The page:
Hemingway was never trapped in a mall. This is what I told myself as I watched the floodwaters rise around me last Monday. Before going to Uganda, I'd anticipated all manner of things that could go wrong -- riots, malaria, perhaps even being trampled by raging elephants. Hemingway was able to brag about surviving two plane crashes in as many days. It was the stuff of novels. But Hemmingway, for all his fantastic adventures, never had to hide out in a mall to escape a flash flood.
The rain had hit suddenly and I had been caught out in the downpour. I had spent an hour at the Kobil gas station trying, in vain, to hide from the rain. As the muddy water began to rise around my ankles I made a dash for the mall.
For a country that is right on the equator, it was a miserable and cold day. Uchumi, the supermarket at the mall, had colorful buckets strategically placed around the store to collect water leaking from the ceiling. Hemingway would have made sure his big game rifle was dry and then probably console himself with a flask of whisky. But trapped as I was, I consoled myself with cake as water soaked the café floor.
Needless to say, I was one of the lucky ones.
Dozens of homes in the Bududa district, near the towering Mount Elgon, were leveled by massive landslides triggered by the heavy rains. The exact number killed is difficult to ascertain because there is little in the way of record keeping or even property deeds to mark the houses that were swept away. Thus, the reports ranged from 18 to well over 100 dead.
Stephen Wamukota, the Ugandan Red Cross regional manager, attributed this wide discrepancy to the inability of rescuers to dig into the heavy mud. Another Red Cross official reported that the bodies couldn't be retrieved because they were buried ten feet deep.
This is the bleak and unrelenting reality for those who live on the margins: When disaster strikes, the chance for survival and recovery is far from certain. Take the children who were at school when their homes were buried. Many children lost their homes, but more importantly, their parents. What does a country without a real welfare system do with these newly-orphaned and destitute children?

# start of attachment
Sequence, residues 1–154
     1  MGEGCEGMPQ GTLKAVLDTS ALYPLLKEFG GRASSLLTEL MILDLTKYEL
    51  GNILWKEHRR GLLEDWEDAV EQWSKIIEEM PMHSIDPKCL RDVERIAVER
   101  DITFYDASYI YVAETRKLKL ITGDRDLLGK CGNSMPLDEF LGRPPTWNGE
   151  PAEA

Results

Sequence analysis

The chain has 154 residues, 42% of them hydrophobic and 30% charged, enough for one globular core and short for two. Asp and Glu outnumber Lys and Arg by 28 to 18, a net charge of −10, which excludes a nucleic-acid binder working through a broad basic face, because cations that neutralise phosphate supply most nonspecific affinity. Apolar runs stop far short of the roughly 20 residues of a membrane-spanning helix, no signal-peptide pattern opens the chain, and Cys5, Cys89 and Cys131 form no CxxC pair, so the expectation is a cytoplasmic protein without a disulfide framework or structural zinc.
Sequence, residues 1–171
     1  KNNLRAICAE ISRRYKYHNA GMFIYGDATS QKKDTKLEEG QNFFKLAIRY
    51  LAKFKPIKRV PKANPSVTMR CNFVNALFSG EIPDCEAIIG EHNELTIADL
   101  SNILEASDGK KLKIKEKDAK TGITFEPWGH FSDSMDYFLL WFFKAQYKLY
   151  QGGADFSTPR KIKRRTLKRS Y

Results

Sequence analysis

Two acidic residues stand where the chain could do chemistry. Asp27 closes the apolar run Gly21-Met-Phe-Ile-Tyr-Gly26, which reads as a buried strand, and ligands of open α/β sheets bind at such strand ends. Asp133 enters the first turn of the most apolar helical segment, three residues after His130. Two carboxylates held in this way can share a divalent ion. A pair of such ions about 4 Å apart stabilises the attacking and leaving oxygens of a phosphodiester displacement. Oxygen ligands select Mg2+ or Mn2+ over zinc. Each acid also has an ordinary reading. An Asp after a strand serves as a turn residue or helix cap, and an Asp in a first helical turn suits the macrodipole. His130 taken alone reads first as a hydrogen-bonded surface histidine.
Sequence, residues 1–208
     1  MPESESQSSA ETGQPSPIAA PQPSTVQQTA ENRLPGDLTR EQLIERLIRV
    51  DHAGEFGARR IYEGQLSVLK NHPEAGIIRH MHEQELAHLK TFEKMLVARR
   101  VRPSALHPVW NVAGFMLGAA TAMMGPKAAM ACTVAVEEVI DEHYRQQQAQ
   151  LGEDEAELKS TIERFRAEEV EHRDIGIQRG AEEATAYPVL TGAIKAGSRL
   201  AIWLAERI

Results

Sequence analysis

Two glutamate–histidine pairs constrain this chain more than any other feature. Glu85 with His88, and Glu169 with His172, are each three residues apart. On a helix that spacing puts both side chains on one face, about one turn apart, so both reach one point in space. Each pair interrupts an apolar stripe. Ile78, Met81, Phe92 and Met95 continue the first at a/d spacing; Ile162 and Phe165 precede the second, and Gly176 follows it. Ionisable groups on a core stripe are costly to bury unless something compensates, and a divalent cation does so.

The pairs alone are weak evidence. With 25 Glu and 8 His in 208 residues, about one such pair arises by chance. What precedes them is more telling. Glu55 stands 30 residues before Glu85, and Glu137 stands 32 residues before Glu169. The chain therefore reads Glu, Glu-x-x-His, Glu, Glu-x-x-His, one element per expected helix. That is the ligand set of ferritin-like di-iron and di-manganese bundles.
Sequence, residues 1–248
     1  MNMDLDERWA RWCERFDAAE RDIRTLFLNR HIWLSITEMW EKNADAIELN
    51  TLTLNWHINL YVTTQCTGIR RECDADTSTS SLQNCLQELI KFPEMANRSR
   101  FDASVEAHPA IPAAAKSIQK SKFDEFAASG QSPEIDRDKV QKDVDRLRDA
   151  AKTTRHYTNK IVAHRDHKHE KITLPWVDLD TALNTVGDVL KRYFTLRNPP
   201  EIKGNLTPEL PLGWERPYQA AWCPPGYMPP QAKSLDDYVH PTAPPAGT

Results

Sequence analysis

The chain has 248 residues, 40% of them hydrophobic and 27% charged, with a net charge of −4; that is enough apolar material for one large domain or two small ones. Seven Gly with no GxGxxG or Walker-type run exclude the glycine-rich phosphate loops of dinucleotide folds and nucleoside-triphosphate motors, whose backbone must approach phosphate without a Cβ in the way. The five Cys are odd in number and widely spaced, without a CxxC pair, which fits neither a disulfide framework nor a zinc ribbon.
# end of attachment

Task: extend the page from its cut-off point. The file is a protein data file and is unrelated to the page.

Still, there is little anyone can do to stop this. Uganda does not have the desperately needed equipment to monitor its environment, or the resources to prevent the deforestation of the land. Mount Elgon is facing increasing pressures from a combination of over-population and over-farming, which strips the soil of protective mechanisms.
The government hasannounced a plan to relocate 400,000 people out of the danger zone. The people, however, do not want to leave their tribal lands.Their history is inextricably tied to this soil, however deadly it may be. It is where their ancestors are buried. It is where they have farmed and lived for generations. The land is highly conducive to growing matooke, the staple of their diet. It is also good coffee country, a major source of income. If the villagers are moved, the soil in the new location might not support matooke. They could lose the revenues from the coffee crops. It is indeed a case of the devil they know.
It is a terrible irony that in order to eke out a living, the villagers of Bududa must farm Mount Elgon to the point where it threatens their survival. The loss of their land, and the destruction of the environment have put them at the mercy of forces beyond their control. As climate change places increasing pressures on the Third World such tragedies will become the norm. Not much will change until a concerted effort is made to ensure that countries in Africa have the resources to limit the damage of over-farming and deforestation. As well, countries like Uganda need to build the infrastructure to help limit the devastating tolls of such calamities.
Without this commitment, the rains and weather will continue to exact an awful price. Not even Hemingway could write such a tragic tale.